Merry Mishaps: Thin Ice and Playing with Power
Retreating to two traditional, time-tested holiday tales about the value of family: Frank Capra’s “It’s a Wonderful Life” (1946) and “Little Women” (1994 film adaptation). Both show what maladies await kids who sled and skate atop thin ice. It’s a Wonderful Life’s George Bailey and Little Women’s Jo March both must rush to save younger siblings that crack through frozen streams and ponds, almost drowning in the frigid water.
“Kids should only skate if supervised by an adult, who should first check to make sure the ice is clear of debris and at least four inches thick,” said Lynn Cimpello, M.D. and IFCK co-director with Brayer. “When in doubt, avoid it; find an indoor rink.”
Other skating (and sledding) tips:
- It’s not a fashion show. Bundle up – the multiple layers both cushion falls and prevent hypothermia.
- Guard kids’ courses against crashes. Consider having children 12 and younger wear a fitted helmet when sledding. Help them choose a sled they can steer (not a tube or disk) and a well-lit, tree-free path. And always, feet first, not head first.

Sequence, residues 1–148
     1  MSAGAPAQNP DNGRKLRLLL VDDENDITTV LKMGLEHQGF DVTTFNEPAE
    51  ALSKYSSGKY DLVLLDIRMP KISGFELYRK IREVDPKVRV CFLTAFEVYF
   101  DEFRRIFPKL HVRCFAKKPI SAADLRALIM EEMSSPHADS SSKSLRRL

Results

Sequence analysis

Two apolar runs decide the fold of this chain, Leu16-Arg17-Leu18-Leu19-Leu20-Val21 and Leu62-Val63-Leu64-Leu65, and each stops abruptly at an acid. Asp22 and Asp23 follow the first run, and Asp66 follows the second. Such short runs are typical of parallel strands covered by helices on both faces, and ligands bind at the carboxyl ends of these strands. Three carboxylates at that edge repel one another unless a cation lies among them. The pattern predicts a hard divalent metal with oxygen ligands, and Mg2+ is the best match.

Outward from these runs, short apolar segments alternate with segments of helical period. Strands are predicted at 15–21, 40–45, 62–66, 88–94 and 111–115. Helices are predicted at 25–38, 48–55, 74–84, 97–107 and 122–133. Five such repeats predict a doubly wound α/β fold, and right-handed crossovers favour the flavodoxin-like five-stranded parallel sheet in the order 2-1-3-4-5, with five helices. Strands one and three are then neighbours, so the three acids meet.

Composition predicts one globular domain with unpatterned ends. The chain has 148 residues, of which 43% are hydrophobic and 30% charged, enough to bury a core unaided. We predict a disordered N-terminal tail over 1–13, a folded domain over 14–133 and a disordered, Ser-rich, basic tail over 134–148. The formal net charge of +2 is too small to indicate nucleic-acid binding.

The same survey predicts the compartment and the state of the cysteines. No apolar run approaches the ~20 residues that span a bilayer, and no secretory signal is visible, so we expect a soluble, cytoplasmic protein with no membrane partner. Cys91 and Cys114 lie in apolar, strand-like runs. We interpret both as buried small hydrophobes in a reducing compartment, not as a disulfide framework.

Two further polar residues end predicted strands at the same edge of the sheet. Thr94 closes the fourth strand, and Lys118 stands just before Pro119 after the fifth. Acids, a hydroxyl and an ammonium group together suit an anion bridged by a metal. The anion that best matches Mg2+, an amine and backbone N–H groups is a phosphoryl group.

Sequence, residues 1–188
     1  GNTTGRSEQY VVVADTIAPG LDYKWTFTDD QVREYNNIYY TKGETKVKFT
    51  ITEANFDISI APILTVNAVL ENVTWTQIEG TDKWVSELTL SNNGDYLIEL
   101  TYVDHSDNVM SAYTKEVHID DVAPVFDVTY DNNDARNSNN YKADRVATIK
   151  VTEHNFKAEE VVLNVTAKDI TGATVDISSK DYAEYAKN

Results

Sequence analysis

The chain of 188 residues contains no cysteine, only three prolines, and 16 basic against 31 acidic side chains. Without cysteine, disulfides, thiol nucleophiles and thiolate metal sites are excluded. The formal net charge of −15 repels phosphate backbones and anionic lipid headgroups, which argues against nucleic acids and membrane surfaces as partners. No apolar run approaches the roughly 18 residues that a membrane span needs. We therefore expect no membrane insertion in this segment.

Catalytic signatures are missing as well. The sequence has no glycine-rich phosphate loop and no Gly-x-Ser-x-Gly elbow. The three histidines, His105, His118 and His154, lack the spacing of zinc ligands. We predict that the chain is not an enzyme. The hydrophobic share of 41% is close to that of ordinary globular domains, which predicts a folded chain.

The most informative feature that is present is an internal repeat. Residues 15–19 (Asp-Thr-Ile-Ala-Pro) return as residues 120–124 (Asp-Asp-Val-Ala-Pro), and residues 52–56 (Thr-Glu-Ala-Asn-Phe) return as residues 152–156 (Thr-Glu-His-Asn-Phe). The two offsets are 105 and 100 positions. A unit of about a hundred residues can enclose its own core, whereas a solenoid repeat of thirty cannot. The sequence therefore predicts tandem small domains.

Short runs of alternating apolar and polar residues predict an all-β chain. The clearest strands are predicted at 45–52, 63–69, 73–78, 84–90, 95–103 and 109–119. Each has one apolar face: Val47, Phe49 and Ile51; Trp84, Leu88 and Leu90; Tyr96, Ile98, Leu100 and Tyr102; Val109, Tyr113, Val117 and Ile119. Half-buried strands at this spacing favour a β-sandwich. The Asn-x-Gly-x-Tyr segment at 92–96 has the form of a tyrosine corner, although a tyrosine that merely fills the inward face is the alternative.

And of course, there’s always the quirky classic: “National Lampoon’s Christmas Vacation” (1989). Clark Griswold strings his house with 25,000 bulbs, blinding the neighbors, overloading his outlets and ultimately electrocuting his uncle’s cat (he chews on a strand of lights).
“Griswold blatantly breaks the three strands per extension cord rule,” Cimpello said. “It’s surprising that the cat was the only one seriously injured.”
Other light-stringing and power safety tips:
- Replace lights, if necessary. Toss old strands with broken, cracked or open sockets and frayed wires.
- Avoid shocks and charges. Never string electric lights on metallic trees; don’t overload plugs, and be sure to use surge protectors.